Finding out a prospective tenant has a criminal record can be pretty unnerving. Does that mean they are going to damage your property? Use it for illegal activities? Not pay their rent? If you find yourself with a potential client with a criminal conviction, it’s important not to immediately dismiss the idea. Although having a criminal conviction is not one of the ‘protected characteristics’ as part of The Equality Act, you have to be careful when choosing to reject someone based on this.
When you invest in property and hand over trust to a tenant to take good care of it, you want to safeguard yourself as much as possible. You want to be sure that this tenant can pay their rent on time and is unlikely to cause damage. There’s no legal obligation for a landlord to check a tenant’s criminal history, but if it is something that you’re particularly worried about, you could ask your tenant to provide a basic disclosure certificate which costs £25 to obtain.
But of course, a criminal record does not always equate to a bad tenant, just as no criminal record does not always equate to a good tenant. It’s important to consider what exactly the crime committed was, as they will vary in severity. Fraud for instance is obviously not as severe as gun or knife crime. Take a look at whether this was a one-off offence or whether they have committed multiple crimes, and also at how long ago the crime/s were. Only when you have weighed up all of these different factors will you get a good indication of the prospective tenant’s history and the potential risk they pose.
The main things you need to consider are that the tenant is financially able to pay the rent each month and that you have good reason to believe that they will look after your property. If a tenant can tick these two boxes then you should grant them the opportunity to. If their past criminal conviction has the potential to prevent them from holding down long-term employment, this might be a red flag and an issue for you. Similarly, perhaps they have past convictions of arson or vandalism. This could be more of an issue than many other crimes and again, puts your investment at risk. In these cases, you may want to think twice about whether to let to them.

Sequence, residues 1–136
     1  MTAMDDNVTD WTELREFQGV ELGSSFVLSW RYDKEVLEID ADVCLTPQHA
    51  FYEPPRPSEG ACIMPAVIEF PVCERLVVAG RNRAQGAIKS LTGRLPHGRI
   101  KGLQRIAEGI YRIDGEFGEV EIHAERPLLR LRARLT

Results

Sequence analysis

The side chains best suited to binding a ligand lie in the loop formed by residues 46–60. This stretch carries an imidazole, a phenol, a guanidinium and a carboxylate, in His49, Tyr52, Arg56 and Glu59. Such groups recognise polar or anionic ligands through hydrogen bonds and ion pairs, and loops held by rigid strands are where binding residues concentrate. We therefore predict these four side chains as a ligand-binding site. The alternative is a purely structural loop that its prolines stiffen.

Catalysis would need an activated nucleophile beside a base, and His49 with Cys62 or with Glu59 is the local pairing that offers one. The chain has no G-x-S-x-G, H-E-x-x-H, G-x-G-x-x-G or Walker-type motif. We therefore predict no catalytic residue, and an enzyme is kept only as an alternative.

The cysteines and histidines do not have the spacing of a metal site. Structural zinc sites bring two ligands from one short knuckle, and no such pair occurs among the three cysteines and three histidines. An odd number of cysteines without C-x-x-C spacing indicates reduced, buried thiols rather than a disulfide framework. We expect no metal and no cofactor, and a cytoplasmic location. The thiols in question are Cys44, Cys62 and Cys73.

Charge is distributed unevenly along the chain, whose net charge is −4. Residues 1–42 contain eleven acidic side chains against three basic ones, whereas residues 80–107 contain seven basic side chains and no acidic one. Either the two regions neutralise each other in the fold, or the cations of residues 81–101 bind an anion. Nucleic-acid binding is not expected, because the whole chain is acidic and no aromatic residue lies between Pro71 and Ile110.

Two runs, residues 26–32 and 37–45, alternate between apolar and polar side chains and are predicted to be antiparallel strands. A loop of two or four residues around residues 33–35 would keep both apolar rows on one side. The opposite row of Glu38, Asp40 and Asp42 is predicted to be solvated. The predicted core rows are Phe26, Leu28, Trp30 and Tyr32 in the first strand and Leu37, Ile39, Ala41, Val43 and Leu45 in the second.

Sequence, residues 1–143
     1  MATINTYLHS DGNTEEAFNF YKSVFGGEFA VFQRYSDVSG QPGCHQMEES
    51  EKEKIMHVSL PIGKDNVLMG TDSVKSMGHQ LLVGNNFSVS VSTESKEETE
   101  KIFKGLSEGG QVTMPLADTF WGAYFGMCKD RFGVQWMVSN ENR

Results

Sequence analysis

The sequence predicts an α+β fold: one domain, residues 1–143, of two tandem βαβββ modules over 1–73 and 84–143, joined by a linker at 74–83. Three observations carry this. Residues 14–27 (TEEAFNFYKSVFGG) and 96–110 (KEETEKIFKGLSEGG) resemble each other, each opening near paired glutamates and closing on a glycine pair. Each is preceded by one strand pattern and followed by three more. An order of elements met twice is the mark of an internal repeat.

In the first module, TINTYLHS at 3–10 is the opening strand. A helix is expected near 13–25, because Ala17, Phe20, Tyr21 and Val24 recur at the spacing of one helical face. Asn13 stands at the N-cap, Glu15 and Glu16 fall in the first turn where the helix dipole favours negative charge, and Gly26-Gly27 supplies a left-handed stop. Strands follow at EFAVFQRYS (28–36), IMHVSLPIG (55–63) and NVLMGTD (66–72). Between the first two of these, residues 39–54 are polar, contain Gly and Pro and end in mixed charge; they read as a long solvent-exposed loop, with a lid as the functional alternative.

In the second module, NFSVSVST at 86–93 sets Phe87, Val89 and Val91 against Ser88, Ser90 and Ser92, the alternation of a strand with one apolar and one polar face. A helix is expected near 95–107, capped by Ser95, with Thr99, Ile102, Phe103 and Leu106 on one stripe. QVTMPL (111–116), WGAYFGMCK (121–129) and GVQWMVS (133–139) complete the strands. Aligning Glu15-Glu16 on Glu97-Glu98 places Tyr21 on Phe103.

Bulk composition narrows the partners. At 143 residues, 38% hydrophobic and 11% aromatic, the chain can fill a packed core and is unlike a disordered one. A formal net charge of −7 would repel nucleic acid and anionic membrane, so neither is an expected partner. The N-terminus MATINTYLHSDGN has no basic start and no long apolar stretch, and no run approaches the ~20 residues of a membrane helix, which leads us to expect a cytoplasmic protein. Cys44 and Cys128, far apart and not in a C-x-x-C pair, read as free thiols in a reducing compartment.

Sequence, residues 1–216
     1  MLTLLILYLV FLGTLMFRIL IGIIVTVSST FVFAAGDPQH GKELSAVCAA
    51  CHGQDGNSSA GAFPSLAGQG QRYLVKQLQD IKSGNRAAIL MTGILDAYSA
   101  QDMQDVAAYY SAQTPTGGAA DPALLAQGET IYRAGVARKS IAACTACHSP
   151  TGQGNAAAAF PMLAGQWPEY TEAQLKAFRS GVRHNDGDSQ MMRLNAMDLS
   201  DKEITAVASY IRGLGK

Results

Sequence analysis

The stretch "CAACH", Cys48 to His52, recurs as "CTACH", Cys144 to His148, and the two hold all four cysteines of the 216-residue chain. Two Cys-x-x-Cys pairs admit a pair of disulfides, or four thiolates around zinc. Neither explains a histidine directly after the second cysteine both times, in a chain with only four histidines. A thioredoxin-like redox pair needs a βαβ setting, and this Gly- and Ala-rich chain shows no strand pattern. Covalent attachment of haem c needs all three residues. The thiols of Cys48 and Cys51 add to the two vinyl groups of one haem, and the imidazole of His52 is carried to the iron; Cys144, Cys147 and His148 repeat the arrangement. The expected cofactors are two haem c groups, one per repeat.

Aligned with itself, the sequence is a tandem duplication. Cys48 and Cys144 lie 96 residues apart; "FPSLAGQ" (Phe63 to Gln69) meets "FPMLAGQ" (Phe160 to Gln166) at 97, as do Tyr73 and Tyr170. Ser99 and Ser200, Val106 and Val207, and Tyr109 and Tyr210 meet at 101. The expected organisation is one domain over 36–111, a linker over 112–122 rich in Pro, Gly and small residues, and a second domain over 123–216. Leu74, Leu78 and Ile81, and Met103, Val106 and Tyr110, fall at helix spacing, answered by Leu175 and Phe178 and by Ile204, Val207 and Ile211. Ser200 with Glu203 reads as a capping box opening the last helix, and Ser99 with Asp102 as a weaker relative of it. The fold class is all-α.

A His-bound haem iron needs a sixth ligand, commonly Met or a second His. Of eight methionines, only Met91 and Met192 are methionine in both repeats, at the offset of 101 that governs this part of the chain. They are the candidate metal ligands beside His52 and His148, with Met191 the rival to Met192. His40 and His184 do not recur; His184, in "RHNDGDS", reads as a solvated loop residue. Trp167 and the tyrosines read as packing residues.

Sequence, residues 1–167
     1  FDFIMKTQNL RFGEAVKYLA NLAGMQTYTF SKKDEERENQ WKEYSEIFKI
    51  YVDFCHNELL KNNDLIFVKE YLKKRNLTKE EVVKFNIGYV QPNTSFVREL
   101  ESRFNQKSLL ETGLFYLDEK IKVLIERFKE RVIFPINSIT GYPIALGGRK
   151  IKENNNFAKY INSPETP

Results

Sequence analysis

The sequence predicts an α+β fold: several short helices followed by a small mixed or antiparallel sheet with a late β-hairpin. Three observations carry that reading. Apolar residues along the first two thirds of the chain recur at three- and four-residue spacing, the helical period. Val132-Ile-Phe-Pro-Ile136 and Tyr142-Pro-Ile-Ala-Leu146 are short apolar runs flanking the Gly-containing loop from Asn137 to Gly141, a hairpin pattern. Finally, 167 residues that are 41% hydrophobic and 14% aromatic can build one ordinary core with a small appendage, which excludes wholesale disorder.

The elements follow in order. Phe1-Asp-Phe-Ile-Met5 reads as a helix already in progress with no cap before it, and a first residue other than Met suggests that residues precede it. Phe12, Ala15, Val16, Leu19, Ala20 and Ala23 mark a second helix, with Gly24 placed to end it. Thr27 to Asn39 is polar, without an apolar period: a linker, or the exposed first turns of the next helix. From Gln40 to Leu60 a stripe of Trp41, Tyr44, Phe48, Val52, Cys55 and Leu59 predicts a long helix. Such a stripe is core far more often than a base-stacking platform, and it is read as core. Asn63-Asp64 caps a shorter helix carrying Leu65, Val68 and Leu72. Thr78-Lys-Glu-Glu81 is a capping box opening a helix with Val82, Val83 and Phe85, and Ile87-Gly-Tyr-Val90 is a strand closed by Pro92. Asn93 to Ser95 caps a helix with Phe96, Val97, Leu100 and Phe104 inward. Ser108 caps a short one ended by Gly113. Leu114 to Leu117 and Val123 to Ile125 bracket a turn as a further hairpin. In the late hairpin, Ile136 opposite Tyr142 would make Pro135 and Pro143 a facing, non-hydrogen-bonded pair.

If you do decide to rent to a tenant with a criminal record, there are things that you can do to safeguard your property and put your mind at ease. It goes without saying, but screen any tenant thoroughly. It’s also a good idea to meet with a tenant more than once. This is best practice when taking on any tenant, not just one that could be a risk. Tenant-landlord relationships are really important and you need to be sure that you’re renting to someone that you are reasonably comfortable with.
If you agree to take on a ‘risky’ tenant, be sure to undertake regular property inspections to ensure that your property is being looked after as agreed. These should be every three months. Inspect the property inside and out, checking on all of the fittings including the toilet, white goods and anything else you supplied with the property. All in all, a tenant with a criminal conviction has a lot of potential to become a great, long-term tenant. They may be struggling to secure themselves somewhere to rent, meaning that if they do, they will feel encouraged to stick around and look after the property to minimise potential issues and disruption. You need to weigh up what is right for you, but be aware of holding someone’s past against them unnecessarily. Everybody deserves somewhere to live.